Notes
1
Singimg is a Tok Pisin term that refers to a gathering for the performance of (usually) traditional music, and is generally village based.
2
Papua New Guinea is divided into nineteen provinces for political and administrative purposes.
3
Standard here refers to the most common tuning of the guitar - the notes EADGBE from sixth to first strings respectively (perfect fourth intervals between all strings except for a major third interval between the third and second strings).
4
In the music I recorded the strings of the guitar were tuned to the notes D, E, A, E, A, C#, from sixth to first strings respectively.
5
catenating words by removing the vowels and referring to the acronym-like result is common throughout PNG. Irupara, a neighbouring village is often referred to as IRP (each letter pronounced as in an acronym) or IRPR. ‘BBK’ is therefore commonly used to refer to Babaka village. This has been extended in Babaka to BB Kings, and sporting teams are commonly known by this in sport competitions outside the village, such as local area tournaments or those in Port Moresby.

References

Feld, S. (1988)‘Aesthetics as Iconicity of Style, or‘Lift-up-over-Sounding’: Getting into the Kaluli groove’, Yearbook for Traditional Music 20: 74–113. (1994)‘From schizophonia to schismogenesis: on the discourses and

commodification practices of “world music” and “world beat’”, in C. Keil and S. Feld (eds), Music Grooves, Chicago: The University of Chicago Press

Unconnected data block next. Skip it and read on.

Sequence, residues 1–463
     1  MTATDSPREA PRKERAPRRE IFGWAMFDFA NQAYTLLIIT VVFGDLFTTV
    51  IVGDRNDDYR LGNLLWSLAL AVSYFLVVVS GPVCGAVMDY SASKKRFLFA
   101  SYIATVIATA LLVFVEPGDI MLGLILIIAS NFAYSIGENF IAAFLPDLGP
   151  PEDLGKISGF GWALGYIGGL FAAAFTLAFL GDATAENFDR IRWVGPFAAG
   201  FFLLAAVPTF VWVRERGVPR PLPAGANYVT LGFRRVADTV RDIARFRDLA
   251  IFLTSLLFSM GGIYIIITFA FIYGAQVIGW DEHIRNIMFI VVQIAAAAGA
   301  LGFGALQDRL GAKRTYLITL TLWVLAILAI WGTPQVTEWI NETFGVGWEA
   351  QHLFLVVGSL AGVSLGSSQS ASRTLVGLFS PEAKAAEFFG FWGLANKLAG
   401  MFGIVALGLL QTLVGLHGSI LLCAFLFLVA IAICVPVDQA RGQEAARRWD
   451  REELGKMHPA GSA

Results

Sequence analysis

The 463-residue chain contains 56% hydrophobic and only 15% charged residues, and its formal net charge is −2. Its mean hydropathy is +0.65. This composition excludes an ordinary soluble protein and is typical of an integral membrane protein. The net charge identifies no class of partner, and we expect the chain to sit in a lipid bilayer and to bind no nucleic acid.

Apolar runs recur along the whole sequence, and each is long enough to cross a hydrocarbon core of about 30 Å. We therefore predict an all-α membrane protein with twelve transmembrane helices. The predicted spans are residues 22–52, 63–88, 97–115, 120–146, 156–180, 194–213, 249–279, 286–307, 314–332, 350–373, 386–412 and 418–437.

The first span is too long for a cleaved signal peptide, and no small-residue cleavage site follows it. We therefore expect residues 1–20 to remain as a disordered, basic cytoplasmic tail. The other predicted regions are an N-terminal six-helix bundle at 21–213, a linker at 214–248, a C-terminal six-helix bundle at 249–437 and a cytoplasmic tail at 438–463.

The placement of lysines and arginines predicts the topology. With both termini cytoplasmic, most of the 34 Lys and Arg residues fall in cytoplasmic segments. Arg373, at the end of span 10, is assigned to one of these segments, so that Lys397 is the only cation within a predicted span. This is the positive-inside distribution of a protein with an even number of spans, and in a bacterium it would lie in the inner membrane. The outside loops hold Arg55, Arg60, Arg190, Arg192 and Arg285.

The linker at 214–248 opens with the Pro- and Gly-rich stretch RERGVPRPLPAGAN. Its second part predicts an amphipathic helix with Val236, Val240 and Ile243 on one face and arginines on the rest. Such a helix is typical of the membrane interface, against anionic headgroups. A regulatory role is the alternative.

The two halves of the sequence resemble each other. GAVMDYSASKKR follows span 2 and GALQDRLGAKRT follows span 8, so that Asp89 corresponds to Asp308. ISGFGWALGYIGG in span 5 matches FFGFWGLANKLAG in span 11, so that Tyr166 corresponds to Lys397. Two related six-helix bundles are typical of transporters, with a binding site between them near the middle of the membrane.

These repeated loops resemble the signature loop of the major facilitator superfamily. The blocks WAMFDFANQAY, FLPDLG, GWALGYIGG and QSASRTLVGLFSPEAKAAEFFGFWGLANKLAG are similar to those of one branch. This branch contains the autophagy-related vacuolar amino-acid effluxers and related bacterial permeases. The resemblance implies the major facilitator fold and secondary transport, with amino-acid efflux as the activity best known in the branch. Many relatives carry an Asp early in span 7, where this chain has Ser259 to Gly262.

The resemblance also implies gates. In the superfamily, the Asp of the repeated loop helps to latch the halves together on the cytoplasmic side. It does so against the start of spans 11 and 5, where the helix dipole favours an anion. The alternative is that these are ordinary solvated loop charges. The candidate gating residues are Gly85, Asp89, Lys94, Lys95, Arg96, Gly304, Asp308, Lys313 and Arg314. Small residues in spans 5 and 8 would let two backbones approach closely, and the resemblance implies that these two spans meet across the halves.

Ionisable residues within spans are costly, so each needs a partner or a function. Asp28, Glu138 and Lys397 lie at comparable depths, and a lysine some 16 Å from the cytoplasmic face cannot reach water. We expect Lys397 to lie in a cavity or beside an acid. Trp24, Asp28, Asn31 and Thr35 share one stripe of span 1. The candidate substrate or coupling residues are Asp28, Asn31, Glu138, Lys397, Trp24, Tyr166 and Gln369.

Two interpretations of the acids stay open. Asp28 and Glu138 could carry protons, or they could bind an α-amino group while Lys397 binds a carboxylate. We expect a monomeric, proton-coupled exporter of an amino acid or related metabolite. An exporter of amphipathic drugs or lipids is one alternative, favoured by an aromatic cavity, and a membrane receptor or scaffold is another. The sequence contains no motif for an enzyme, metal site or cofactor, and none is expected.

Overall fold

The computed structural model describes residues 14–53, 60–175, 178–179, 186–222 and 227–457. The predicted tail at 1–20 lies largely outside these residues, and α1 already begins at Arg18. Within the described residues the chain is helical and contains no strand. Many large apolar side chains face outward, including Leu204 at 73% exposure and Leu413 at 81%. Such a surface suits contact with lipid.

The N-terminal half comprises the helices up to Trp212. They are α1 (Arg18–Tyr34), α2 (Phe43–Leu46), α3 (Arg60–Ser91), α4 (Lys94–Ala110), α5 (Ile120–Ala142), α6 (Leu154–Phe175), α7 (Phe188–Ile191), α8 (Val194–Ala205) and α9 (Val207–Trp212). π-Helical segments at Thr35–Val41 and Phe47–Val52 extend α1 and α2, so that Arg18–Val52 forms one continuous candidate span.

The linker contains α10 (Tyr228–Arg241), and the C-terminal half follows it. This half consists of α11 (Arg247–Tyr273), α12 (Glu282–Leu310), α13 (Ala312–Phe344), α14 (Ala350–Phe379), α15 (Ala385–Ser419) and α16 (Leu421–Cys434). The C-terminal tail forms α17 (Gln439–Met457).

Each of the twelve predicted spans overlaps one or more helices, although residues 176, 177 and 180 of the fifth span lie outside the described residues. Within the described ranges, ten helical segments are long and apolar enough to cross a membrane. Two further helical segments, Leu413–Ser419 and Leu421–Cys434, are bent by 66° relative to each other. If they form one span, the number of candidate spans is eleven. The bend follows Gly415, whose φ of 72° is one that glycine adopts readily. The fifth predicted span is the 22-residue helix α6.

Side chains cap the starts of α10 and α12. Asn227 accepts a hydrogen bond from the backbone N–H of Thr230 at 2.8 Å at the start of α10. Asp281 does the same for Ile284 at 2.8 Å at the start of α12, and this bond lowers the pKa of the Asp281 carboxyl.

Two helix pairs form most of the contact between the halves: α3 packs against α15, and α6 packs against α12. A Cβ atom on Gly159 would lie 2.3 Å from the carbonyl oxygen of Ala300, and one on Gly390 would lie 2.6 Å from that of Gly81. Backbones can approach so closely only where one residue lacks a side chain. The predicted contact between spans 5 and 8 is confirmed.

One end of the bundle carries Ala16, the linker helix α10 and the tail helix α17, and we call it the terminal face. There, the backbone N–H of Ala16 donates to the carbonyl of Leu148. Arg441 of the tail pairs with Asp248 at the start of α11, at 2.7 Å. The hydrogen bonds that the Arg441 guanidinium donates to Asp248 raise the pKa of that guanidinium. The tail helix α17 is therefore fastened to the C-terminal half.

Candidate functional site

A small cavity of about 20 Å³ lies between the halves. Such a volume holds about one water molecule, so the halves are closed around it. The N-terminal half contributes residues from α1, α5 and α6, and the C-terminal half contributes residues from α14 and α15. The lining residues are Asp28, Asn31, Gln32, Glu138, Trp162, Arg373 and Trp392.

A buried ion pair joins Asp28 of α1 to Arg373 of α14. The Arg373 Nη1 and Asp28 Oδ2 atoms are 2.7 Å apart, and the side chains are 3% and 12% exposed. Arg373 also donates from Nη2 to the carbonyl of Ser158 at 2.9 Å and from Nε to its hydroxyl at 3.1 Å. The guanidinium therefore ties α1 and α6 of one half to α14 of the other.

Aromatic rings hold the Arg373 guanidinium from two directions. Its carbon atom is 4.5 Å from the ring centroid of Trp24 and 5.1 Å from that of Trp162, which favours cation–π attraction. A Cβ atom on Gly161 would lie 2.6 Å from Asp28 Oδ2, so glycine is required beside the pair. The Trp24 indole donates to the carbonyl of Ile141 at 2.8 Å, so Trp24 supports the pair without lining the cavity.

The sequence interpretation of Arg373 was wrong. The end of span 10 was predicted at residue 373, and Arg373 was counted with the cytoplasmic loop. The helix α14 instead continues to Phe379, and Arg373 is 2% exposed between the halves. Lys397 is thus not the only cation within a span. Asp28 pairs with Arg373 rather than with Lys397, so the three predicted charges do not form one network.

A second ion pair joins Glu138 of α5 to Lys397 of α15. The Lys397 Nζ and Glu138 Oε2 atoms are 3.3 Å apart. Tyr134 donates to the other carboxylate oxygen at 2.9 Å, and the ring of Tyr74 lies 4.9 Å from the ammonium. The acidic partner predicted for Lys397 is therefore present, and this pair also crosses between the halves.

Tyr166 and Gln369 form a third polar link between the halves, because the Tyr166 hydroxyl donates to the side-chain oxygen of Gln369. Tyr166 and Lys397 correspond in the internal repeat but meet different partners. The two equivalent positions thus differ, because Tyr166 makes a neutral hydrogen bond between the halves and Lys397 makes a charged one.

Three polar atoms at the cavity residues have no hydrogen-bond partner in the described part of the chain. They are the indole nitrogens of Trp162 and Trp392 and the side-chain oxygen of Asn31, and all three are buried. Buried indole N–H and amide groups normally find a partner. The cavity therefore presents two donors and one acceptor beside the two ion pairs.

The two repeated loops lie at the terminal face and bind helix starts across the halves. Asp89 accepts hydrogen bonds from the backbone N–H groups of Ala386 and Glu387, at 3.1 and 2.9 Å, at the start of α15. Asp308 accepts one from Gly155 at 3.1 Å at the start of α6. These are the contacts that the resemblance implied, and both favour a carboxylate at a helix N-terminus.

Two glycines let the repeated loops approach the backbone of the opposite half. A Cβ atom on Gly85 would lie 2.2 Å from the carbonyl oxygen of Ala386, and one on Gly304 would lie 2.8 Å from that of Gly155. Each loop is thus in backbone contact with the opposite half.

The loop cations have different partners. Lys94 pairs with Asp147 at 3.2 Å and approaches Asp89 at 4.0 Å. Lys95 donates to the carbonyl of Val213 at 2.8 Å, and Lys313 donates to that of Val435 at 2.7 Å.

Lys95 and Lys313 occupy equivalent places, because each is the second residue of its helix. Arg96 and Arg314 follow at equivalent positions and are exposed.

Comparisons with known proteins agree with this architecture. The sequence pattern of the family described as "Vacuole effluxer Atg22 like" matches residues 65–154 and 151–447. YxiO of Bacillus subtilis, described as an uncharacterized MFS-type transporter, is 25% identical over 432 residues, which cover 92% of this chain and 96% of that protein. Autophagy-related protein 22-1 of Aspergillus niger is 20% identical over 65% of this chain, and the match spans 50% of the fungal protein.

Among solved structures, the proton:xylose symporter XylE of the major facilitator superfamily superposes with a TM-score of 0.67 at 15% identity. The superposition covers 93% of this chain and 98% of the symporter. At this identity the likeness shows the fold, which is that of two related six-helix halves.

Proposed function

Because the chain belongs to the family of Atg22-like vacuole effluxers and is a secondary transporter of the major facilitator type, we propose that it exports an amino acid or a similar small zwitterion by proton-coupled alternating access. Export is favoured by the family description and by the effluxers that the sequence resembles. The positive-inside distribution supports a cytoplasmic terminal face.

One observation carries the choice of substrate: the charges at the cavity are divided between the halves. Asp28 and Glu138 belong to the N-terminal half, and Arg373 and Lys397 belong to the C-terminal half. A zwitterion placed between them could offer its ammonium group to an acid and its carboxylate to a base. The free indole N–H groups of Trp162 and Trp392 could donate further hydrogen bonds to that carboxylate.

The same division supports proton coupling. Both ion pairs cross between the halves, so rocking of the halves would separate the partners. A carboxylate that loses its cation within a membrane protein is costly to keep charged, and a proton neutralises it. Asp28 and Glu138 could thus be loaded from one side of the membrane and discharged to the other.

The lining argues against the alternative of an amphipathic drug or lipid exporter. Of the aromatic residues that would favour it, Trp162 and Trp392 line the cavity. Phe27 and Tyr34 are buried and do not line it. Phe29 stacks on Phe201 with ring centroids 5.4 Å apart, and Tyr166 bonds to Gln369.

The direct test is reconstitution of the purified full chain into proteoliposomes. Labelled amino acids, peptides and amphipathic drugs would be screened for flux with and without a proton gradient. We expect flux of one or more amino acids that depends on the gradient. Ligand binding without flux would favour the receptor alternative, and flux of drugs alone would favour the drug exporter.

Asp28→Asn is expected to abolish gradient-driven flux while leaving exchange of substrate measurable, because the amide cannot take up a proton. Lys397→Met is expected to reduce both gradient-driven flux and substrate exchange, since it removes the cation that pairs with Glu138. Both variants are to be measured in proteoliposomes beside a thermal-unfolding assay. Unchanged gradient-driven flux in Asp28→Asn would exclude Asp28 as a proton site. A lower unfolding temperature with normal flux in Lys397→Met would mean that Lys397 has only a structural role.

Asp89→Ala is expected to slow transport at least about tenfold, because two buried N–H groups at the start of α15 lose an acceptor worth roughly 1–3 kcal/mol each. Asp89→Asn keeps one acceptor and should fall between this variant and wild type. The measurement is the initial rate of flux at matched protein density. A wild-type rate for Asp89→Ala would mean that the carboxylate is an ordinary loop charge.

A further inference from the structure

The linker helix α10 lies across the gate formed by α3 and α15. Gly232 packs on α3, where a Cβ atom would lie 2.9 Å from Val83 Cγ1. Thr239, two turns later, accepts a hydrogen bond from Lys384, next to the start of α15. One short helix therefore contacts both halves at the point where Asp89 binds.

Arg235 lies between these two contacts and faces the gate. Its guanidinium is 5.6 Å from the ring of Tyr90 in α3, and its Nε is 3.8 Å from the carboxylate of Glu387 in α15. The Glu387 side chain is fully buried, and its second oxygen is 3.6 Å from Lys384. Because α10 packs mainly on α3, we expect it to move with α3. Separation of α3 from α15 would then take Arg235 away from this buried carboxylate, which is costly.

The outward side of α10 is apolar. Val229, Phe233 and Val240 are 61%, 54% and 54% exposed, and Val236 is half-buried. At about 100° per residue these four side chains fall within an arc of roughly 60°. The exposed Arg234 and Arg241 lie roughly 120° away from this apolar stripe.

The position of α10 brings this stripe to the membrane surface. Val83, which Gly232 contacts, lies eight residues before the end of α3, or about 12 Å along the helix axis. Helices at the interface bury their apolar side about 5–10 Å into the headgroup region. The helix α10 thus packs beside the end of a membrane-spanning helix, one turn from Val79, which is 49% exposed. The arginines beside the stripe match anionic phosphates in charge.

Hall, S. (1991)‘The Local and the Global: Globalization and ethnicity’, in A. King (ed.), Culture, Globalization and the World System: Contemporary conditions for the representation of identity, New York: Macmillan

Hesmondhalgh, D. (1998)‘Globalisation and Cultural Imperialism: A case study of the music industry’, in R. Kiely and P. Marfleet (eds), Globalisation and the Third World, London: Routledge

Kemoi, N. (1996), ‘The History of the Bamboo Band in Bougainville’, Kulele: Occasional papers on Pacific music and dance, No. 2, Port Moresby: National Research Institute.

Lindstrom, L and White, G. (1990), Island Encounters: Black and white memories of the Pacific War, Washington: Smithsonian Institution Press.

McLean, M. (1994), ‘Diffusion of Musical Instruments and Their Relation to Language Migrations in New Guinea’, Kulele: Occasional papers on Pacific music and dance, No.l, Port Moresby: National Research Institute.

-154-

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Guitar Cultures
Table of contents

Table of contents

  • Contents v
  • Acknowledgements vii
  • Notes on Contributors ix
  • 1 - Introduction: Guitars, Cultures, People and Places 1
  • Notes *
  • References *
  • 2 - The Guitar in the Blues Music of the Deep South 11
  • Notes 25
  • References *
  • 3 - Unplugged: Blues Guitarists and the Myth of Acousticity 27
  • Notes *
  • References *
  • 4 - ‘plug in and Play!’ Uk‘indie-Guitar’ Culture 45
  • Notes *
  • References *
  • 5 - Handmade in Spain: the Culture of Guitar Making 63
  • Notes 82
  • References *
  • 6 - The Guitar as Artifact and Icon: Identity Formation in the Babyboom Generation 89
  • Notes 113
  • References *
  • 7 - Into the Arena: Edward Van Halen and the Cultural Contradictions of the Guitar Hero 117
  • Notes *
  • References *
  • 7 - The Guitar Cultures of Papua New Guinea: Regional, Social and Stylistic Diversity 135
  • Notes 154
  • References *
  • 9 - Hybridity and Segragation in the Guitar Cultures of Brazil 157
  • Notes 174
  • References *
  • 10 - Rock to Raga: the Many Lives of the Indian Guitar 179
  • Notes *
  • References *
  • Index 209
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